Academic and author Rachel Simmons recently pointed out the disturbing reality that young adults are the loneliest generation in America today, and offered her take as a college staffer on what’s driving this trend.
Simmons highlighted a Cigna survey of 20,000 Americans released in May that showed that more than half of respondents from Generation Z – adults ages 18-22 – report feeling isolated and left out, with no one with which to talk.
According to the Cigna report:
In fact, more than half of Gen Zers identify with 10 of the 11 feelings associated with loneliness. Feeling like people around them are not really with them (69%), feeling shy (69%), and feeling like no one really knows them well (68%) are among the most common feelings experienced by those in the Generation Z.
Simmons, a leadership development specialist at Smith College, contends the problem stems from a changing culture in America that’s limiting face-to-face contact, a trend Simmons attributes as much to technologies like smart phones as she does to a constant and overwhelming drive for achievement.
“Indeed the problem is hardly that college students spend all their time alone and on screens. It is that they spend too much of their time with peers working: running meetings, producing plays, organizing conferences or studying. They prioritize activities that achieve goals, not meaningful connection,” Simmons wrote in The Washington Post.
“Students I have interviewed across the country fear that if they are not constantly busy studying or attending meetings, something must be wrong with them, their schedule or their work ethic. These new norms of stress culture translate to fewer opportunities to let their conversations and minds wander,” she continued.
“If anything, many young adults turn to the screen because they feel it’s the only authorized recreation in a culture of constant work. You don’t have to leave your library carrel to scroll through Instagram or take a BuzzFeed quiz.”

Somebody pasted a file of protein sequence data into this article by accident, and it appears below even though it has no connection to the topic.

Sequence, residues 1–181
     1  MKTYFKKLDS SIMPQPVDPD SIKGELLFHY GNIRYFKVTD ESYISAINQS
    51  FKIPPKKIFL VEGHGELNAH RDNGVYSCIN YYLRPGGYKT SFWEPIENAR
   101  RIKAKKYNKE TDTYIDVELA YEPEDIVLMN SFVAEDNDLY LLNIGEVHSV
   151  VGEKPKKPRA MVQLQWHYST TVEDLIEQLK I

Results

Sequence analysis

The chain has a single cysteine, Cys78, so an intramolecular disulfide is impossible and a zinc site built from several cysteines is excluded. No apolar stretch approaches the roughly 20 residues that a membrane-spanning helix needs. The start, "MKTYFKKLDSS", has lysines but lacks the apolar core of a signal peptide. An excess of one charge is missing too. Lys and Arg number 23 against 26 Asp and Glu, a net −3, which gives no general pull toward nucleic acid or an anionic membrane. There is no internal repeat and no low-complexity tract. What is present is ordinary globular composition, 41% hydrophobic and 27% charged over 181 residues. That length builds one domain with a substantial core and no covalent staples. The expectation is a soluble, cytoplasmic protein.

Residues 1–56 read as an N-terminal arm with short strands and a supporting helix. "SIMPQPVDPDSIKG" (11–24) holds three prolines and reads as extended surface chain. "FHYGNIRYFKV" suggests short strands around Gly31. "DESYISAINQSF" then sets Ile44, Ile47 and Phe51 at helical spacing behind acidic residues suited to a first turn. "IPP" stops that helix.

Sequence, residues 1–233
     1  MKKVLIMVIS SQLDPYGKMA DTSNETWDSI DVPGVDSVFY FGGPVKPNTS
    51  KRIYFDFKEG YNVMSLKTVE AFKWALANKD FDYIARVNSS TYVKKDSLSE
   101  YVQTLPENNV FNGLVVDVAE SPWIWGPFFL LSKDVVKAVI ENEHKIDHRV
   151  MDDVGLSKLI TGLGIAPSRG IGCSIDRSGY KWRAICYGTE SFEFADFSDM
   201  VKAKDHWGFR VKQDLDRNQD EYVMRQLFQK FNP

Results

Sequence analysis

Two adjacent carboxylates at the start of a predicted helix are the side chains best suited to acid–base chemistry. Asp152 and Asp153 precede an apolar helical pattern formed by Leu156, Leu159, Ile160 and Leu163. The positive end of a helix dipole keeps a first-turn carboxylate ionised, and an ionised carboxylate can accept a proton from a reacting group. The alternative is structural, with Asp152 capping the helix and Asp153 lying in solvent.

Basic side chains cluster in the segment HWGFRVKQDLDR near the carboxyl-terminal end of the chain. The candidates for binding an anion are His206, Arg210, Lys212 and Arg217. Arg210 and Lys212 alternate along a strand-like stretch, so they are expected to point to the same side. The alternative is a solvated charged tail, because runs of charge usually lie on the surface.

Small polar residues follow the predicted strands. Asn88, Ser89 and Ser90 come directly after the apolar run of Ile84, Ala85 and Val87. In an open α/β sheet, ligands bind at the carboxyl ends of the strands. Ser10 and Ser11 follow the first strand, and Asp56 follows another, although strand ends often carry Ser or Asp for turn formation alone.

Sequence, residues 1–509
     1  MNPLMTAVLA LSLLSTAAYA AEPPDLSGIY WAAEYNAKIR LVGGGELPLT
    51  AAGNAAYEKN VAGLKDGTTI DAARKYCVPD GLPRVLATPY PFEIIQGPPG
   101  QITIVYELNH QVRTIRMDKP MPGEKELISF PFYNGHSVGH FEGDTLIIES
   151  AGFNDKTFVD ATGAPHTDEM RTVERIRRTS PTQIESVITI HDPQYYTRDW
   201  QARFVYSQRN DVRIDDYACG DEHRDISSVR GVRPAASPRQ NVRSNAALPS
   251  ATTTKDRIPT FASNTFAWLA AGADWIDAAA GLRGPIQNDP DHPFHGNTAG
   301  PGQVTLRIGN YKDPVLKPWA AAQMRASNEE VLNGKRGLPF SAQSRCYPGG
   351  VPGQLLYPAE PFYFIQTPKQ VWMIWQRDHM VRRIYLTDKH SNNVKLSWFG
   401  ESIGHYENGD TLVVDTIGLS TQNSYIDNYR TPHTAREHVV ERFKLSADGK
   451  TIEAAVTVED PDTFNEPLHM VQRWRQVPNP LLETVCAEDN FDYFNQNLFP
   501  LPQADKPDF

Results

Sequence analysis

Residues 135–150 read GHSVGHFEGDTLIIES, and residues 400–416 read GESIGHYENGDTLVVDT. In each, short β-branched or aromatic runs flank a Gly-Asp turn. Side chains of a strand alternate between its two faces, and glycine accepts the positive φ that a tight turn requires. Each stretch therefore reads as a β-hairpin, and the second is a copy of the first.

Julia Ticona and Chad Wellmon writing in the Institute for Advanced Studies in Culture’s journal, The Hedgehog Review warn, “In our new digital environment, our changing conceptions of friendship and intimacy are not just our own; they are manufactured, manipulated, and monetized at unprecedented scales and with unprecedented effect.” One is naive to think that there are not relational costs to being digital natives. Our technological environment matters.
Simmons contends the increased isolation and focus on work and achievement both erodes relationships and the ability of students to develop skills to make friends.
“Skills are like muscles: They need to be flexed repeatedly,” Simmons wrote. “Friend-making skills atrophy from underuse.”
Simmons concluded the Post column with several points of advice for parents of college students to help them work through the loneliness and develop more meaningful relationships.
Teachers and principals working to strengthen moral and citizenship formation in their students will find information, strategies and teacher lesson plans at the UK’s The Jubilee Centre.